Samsung (NASDAQOTH:SSNLF) is generating a lot of buzz these days with its high-end Galaxy Note 4, Galaxy Alpha, and Galaxy Note Edge smartphones. However, many tech investors aren't paying much attention to the Galaxy S Duos, its line of low-end Galaxy devices designed for emerging markets.

Samsung launched the Galaxy S Duos line two years ago. The key feature is that it can run two SIM cards simultaneously for voice calls, compared to its other dual-sim devices that require the user to manually switch between the two. The latest model in the line, the Galaxy S Duos 3, was launched in emerging markets in early September for roughly $120 to $130.

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Samsung's Galaxy S Duos 3. Source: Samsung

The Galaxy S Duos 3 -- along with the Galaxy Core II, Galaxy Ace 4, Galaxy Star 2, and Galaxy Young 2 -- all represent Samsung's push to expand its Galaxy brand into low-end markets. While this might seem like a sound strategy to reach more users, it could also undermine the premium appeal of its high-end Galaxy devices and wreck its margins.

Why emerging markets are a blessing and a curse
IDC expects mature smartphone markets to only post 4.9% year-over-year growth in 2014, while emerging markets are set to soar 32.4%. Mature market users will also only account for 26.5% of the market, compared to 73.5% from emerging markets. Research firm Mediacells also forecasts that China and India will account for half a billion smartphone shipments this year.

While that sounds like a great new market opportunity, established smartphone makers face two major hurdles entering these markets -- a race to the bottom in pricing, and modified versions of Android (like Xiaomi's MIUI) which replace Google (NASDAQ: GOOG) (NASDAQ: GOOGL) Play with local app stores. That's why Google recently launched its Android One smartphone initiative in India -- to guarantee that its services would be bundled with low-cost smartphones across the country.

Meanwhile, hardware makers in China and India accustomed to high margins from developed markets must accept lower margins in emerging ones, with the hope that higher sales volume can offset lower profits per unit. For some companies, like Microsoft (NASDAQ: BBRY) and BlackBerry (NASDAQ: BBRY), emerging markets represent the only way to avoid being crushed by iOS and Android devices.

So why is Samsung expanding into emerging markets?
In the past, Samsung wasn't extremely concerned about low-end markets, since its high-end Galaxy S devices fared well against its Android competitors and Apple (NASDAQ: AAPL).

But over the past year, Xiaomi, Huawei, and other Chinese rivals turned the tables on Samsung by launching comparably powered devices at less than half the price. They spent less on marketing, released devices in smaller batches to inflate demand, and accepted razor-thin margins to gain market share. Sticking to those strategies, Xiaomi dethroned Samsung as the top smartphone maker in China in August.

Xiaomi Redmi Note

Xiaomi's Redmi 1s. Source: Xiaomi

That unrelenting pressure caused Samsung's global market share to decline from 32% to 25% between the second quarters of 2013 and 2014, according to IDC. As a result, Samsung's quarterly operating profit has fallen year over year for three consecutive quarters, and it also warned of a fourth decline earlier this month. The company now expects its mobile division, its largest business, to post a 60% plunge in operating profit when it reports earnings on Oct. 30.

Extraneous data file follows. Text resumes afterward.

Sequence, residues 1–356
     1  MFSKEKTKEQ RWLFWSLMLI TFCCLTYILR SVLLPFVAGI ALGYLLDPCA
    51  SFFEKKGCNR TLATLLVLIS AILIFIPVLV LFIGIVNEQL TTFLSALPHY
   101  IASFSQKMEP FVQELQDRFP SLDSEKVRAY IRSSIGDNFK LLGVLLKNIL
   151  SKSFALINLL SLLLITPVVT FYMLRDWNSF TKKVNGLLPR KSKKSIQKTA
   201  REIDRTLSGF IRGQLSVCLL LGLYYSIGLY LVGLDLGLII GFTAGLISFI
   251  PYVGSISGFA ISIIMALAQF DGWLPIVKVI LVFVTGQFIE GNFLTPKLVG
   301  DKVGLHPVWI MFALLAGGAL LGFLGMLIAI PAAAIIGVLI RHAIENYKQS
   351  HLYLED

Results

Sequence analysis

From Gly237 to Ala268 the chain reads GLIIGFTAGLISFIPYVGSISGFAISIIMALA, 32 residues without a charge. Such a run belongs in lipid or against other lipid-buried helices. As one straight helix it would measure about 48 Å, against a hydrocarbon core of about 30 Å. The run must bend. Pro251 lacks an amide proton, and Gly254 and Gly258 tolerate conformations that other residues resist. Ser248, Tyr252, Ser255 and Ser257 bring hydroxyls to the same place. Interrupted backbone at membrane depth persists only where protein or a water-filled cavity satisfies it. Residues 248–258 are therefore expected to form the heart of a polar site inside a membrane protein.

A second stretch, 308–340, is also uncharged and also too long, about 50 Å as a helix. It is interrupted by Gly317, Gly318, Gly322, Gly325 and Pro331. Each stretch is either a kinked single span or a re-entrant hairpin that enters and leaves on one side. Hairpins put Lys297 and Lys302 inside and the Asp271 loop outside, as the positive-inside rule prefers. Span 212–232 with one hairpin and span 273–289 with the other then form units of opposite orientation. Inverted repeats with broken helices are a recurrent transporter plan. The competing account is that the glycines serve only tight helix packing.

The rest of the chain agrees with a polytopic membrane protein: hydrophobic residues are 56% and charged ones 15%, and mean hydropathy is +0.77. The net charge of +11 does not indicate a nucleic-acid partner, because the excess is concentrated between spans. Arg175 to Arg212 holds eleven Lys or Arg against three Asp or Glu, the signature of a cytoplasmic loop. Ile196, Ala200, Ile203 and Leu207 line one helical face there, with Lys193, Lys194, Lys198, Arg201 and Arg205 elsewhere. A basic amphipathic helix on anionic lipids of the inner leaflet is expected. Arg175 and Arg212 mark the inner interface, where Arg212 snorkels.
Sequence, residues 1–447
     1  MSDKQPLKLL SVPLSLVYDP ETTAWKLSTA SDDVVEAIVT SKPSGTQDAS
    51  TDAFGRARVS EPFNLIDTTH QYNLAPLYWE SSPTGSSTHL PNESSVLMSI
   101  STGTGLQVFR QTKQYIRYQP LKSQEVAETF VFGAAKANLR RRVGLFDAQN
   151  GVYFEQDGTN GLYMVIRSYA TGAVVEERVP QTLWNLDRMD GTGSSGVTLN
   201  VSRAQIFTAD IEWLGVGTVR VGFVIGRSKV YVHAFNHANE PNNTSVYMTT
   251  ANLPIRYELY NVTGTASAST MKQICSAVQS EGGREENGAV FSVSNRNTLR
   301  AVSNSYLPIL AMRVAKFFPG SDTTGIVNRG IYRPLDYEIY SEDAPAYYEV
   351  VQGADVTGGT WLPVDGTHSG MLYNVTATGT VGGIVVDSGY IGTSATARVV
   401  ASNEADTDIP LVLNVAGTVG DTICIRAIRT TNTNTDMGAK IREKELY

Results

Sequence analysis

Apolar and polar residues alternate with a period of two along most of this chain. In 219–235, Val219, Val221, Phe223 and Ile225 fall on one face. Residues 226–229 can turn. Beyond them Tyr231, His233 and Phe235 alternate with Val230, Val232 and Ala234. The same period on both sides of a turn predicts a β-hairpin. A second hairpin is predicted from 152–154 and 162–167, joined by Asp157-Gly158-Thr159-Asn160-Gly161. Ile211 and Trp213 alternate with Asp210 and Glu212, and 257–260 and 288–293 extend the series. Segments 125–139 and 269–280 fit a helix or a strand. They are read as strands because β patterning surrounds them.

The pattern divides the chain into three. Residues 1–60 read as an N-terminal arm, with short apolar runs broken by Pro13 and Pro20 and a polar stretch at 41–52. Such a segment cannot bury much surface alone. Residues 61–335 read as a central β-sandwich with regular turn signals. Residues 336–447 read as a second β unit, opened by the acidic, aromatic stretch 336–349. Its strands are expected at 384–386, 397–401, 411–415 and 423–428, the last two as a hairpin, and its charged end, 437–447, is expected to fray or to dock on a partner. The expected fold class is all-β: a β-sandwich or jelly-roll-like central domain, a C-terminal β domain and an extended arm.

To address this problem, Samsung is expanding into emerging markets and selling handsets at lower margins, in hopes that higher sales growth will offset its problems in developed markets.

Not as easy as it looks
Unfortunately for Samsung, the Chinese and Indian smartphone markets are so saturated with cheap smartphones that the average price for an unlocked device now hovers between $100 and $150. Moreover, Chinese competitors are hitting hard with more powerful devices, like Xiaomi's Redmi 1S, which only cost slightly more.

Device(s)

CPU/RAM

Storage

Rear camera

Screen

Price*

Android One phones (from Micromax, Karbonn, and Spice Dream)

Quad-core 1.3 Ghz, 1GB

4GB

5-megapixel

4.5 inches

Starting at $103

Microsoft Lumia 530

Quad-core 1.2 Ghz, 512MB

4GB

5-megapixel

4.0 inches

$115

Samsung Galaxy S Duos 3

Dual-core 1.2 Ghz, 512MB

4GB

5-megapixel

4.0 inches

$120

Samsung Galaxy Core II

Quad-core 1.2 Ghz, 768MB

4GB

5-megapixel

4.5 inches

$130

Xiaomi Redmi 1S

Quad-core 1.6 Ghz, 1GB

8GB

8-megapixel

4.7 inches

$130

Sources: Company and industry websites. *Based on e-commerce sites and official announcements.

As you can tell, that low-end market is being flooded by similar devices. Samsung's strategy in this market is to leverage its Galaxy branding to sell its devices, but that's a risky strategy which could cheapen the brand and discourage status symbol seekers from buying high-end Galaxy devices.

Samsung's expansion of its Galaxy brand into low-end markets shows that it is losing its competitive edge against Apple and its cheaper Chinese rivals.

Moreover, Samsung will likely have to lower the prices of these low-end Galaxy phones to gain any market share at all against competing devices. That approach would cause more damage to its bottom line and tarnish the premium appeal, which could trap the tech giant in a nasty negative feedback loop.  

Leo Sun owns shares of Apple. The Motley Fool recommends Apple, Google (A shares), and Google (C shares). The Motley Fool owns shares of Apple, Google (A shares), and Google (C shares). Try any of our Foolish newsletter services free for 30 days. We Fools may not all hold the same opinions, but we all believe that considering a diverse range of insights makes us better investors. The Motley Fool has a disclosure policy.